Isn't It Time for Another Country Music Super Bowl Halftime Show?

It has been 16 years since Shania Twain played the big game, and we have some ideas

January 30, 2019
Garth Brooks

Rick Diamond / Staff


Super Bowl Sunday is a uniquely American event. The fandom of football, the patriotism of the pre-game, truck commercial after soda commercial after superhero movie commercial followed by a truck commercial. It is a televised exploration of us at our most basic level.

With it all boiled down to please the masses, there are still certain segments that are painfully underserved in the equation. For the music fans among us, the halftime show remains a static example of ignoring swaths of people who subscribe to all of the above, but get left out in the cold when the 2nd quarter ends. 

Related: GRAMMY Awards: 5 Unforgettable Country Moments

We're seeing the NFL attend to some it this year by desperately scrambling to inject some Hip Hop into their halftime. With the game taking place in the Hip Hop hotbed of Atlanta, it seemed unbelievable to not honor the art form, but after some political posturing and deal making artists like Travis Scott and Big Boi were added the Maroon 5 performance. The outcry to be inclusive towards Hip Hop was huge and warranted, even though Missy Elliot, Nicki Minaj, and The Black Eyed Peas have been featured in recent years.

There has been no such luck for Country music. It has been 16 years since the Super Bowl halftime spotlight shined on a Country music star, with Shania Twain taking the lead in Super Bowl XXXVII along with No Doubt and Sting. Before that you have to go back to 1994 when Clint BlackTanya TuckerTravis Tritt, and The Judds performed. Two out of twenty-five years is not a reflection of this country and what they listen to.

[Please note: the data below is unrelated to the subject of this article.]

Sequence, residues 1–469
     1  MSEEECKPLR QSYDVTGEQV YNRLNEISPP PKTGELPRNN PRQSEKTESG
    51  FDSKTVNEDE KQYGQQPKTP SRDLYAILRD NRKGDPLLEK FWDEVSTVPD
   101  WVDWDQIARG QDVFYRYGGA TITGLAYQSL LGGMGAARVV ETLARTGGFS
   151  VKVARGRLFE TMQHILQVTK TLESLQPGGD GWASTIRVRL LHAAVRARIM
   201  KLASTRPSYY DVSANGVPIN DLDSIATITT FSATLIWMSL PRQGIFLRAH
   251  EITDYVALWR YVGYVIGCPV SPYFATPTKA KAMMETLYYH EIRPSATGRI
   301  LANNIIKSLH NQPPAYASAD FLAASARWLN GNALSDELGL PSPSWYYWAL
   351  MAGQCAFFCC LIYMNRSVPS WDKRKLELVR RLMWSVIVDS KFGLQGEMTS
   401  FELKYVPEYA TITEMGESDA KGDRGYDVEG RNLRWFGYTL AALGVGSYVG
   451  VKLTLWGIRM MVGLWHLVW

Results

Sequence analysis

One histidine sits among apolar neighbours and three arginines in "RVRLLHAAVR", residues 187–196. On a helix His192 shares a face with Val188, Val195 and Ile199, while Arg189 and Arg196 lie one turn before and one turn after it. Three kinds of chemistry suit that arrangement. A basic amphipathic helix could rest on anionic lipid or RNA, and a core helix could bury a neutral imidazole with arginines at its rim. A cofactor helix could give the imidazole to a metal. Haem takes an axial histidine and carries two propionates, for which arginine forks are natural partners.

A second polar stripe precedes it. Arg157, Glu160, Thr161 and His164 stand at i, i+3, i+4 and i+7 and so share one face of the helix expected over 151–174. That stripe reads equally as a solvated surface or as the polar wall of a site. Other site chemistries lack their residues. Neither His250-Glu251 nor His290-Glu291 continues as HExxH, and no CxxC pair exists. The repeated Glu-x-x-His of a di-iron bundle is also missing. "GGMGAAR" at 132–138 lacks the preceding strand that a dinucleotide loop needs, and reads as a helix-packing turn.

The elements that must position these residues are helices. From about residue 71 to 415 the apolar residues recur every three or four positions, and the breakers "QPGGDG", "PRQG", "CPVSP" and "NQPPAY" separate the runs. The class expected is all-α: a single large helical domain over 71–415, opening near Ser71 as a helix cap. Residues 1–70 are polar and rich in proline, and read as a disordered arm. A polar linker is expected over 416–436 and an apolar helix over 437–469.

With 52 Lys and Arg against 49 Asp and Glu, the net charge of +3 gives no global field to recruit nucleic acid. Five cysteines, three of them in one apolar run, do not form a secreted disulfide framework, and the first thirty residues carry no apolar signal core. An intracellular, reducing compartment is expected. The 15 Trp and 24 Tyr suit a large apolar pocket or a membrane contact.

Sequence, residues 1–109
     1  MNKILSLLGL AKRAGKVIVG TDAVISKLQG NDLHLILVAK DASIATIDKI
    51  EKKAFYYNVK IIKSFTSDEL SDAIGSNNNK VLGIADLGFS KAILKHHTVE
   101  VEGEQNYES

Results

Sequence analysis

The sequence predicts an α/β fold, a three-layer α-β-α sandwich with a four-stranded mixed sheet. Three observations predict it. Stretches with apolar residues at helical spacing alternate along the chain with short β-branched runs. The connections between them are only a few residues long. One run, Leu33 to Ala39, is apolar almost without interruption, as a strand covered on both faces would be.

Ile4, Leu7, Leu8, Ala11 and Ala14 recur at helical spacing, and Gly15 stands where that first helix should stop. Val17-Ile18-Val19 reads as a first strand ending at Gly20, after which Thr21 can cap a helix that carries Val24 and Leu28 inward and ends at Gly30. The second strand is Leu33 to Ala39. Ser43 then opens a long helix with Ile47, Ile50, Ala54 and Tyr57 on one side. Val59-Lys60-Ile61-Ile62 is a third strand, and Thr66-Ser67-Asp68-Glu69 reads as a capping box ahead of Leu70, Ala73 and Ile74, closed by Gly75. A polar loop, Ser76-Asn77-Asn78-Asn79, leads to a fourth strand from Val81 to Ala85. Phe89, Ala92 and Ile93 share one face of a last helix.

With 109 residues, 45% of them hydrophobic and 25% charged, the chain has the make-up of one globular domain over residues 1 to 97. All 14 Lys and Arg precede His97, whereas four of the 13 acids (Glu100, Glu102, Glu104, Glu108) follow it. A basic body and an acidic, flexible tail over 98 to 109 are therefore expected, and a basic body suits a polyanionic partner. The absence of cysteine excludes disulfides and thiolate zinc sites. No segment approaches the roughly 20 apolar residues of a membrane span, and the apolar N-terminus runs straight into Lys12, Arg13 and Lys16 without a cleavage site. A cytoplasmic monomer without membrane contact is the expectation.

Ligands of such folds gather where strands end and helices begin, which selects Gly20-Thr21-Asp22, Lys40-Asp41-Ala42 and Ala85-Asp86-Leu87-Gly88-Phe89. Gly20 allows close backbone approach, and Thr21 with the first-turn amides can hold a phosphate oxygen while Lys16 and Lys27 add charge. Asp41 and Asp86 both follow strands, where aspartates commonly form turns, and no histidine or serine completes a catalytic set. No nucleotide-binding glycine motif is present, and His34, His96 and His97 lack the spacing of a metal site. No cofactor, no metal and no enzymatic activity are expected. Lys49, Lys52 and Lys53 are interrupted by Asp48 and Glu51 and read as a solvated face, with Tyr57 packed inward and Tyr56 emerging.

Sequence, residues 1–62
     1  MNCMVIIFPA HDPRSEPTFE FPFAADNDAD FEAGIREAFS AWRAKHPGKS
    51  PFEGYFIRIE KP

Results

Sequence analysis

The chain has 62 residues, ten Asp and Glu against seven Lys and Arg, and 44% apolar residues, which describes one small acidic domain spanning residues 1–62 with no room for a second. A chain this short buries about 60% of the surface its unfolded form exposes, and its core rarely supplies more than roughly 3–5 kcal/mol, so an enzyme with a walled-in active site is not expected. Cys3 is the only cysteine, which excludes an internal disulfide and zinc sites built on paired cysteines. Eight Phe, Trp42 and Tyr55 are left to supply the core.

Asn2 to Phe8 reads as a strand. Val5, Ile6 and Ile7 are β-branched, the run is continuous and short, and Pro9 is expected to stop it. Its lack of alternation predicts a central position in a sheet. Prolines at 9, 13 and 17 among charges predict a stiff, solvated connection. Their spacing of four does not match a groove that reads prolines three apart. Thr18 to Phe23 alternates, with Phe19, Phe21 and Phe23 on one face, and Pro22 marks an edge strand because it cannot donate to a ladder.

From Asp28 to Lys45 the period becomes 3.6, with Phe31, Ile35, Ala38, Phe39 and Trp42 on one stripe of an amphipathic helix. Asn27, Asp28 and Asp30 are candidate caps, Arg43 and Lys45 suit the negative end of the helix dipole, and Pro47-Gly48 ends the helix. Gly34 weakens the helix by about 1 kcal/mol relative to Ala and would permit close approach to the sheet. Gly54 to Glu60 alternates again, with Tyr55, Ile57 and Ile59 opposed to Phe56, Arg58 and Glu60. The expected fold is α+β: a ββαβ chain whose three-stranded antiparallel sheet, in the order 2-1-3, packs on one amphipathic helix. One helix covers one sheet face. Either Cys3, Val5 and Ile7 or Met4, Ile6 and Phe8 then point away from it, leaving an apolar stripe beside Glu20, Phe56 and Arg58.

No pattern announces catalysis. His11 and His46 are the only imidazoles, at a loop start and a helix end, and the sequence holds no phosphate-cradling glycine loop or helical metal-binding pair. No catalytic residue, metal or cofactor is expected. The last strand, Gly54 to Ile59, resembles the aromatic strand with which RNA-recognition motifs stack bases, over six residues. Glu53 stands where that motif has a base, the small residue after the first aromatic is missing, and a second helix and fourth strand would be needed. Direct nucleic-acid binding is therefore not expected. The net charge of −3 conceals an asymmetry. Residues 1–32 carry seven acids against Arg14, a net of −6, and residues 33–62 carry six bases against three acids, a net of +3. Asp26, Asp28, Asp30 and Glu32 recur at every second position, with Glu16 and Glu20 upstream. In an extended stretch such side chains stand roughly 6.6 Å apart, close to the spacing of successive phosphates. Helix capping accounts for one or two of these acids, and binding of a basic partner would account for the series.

With the announcement of Tim McGraw playing a pre-game NFL Tailgate Party you might see a glimmer of hope on the horizon, but really it's just a reinforcement of the stereotype that the art that has become such a big part of our lives is only fit for parking lot beers and opening acts. The truth is that the power of Country music is bigger than ever, impossible to ignore, and demands a seat on the main stage.

There is plenty of star power to pick from. Maybe seven time GRAMMY-winner Carrie Underwood would be best to usher in a new era for the halftime show, or maybe the experience of selling out football stadiums of Luke Bryan and Kenny Chesney is enough to convince those in charge. Young artists like Maren Morris or Kelsea Ballerini could bridge the genre gap for a new generation of fans, or maybe Garth Brooks being one of the top-selling artists of all time would do the trick. Country music is so diverse and so deep that there is no excuse not to feature someone on that Super Bowl stage.

Super Bowl LIV will take place on February 2nd, 2020 in Miami, and we can't wait to see if we are heard.